A Free Fight Club, the latest craze among the youngsters in Kabul. Young people go to such clubs to learn the techniques of martial arts. Championships provide good monetary rewards for the winners. Photo by Aaquib Khan.


A boy sells colourful balloons. Emerging from the fog of war, children work the local markets to provide food for themselves and their families. Photo by Aaquib Khan.


A fruit seller in a hurry to shut up shop. After opium, fruits and nuts are the second most exported item from Afghanistan. Photo by Aaquib Khan.


A kid looking into my camera. Photo by Aaquib Khan.


A postcard seller displays images of famous Afghans in Kabul. Photo by Aaquib Khan.


Cricket is in the air! Over the last few years, the Afghan national cricket team have performed reasonably well, qualifying for this year's Cricket World Cup. Photo by Aaquib Khan.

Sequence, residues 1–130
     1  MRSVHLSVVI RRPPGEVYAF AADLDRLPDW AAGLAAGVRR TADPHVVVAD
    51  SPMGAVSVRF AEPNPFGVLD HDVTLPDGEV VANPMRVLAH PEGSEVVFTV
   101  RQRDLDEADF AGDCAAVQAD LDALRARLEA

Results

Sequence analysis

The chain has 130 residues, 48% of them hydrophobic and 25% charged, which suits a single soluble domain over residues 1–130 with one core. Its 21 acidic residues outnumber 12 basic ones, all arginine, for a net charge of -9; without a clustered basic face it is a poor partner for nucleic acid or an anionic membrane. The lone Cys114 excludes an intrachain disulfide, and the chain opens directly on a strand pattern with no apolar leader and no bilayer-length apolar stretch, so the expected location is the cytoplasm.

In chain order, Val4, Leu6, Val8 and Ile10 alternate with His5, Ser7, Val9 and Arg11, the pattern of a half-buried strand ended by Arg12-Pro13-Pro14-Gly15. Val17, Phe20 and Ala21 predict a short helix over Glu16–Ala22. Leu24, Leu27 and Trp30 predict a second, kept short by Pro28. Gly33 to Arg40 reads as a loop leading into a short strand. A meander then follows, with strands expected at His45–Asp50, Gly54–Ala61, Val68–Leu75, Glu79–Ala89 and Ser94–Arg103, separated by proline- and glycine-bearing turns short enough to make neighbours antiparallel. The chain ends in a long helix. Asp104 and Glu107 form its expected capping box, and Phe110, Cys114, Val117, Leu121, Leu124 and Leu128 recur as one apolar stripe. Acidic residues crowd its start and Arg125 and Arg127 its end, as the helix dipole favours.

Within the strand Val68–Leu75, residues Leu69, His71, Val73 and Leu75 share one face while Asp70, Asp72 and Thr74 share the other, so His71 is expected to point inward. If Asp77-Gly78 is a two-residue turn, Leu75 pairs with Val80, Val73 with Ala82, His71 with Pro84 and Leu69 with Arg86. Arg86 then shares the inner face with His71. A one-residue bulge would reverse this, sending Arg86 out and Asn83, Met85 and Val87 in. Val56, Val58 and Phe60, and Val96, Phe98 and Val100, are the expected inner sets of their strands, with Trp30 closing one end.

Afghanistan has witnessed a boom in meat production in last decade. Many Afghans depend on meat producing businesses to earn a living. Photo by Aaquib Khan.


An oil painting depicting the famous game of Buzkashi played across Afghanistan and Central Asia with a goat carcass in place of a ball. Photo by Aaquib Khan.


The graveyard of Russian tanks in the outskirts of Kabul, a symbol of Afghani powers of resistance. Photo by Aaquib Khan.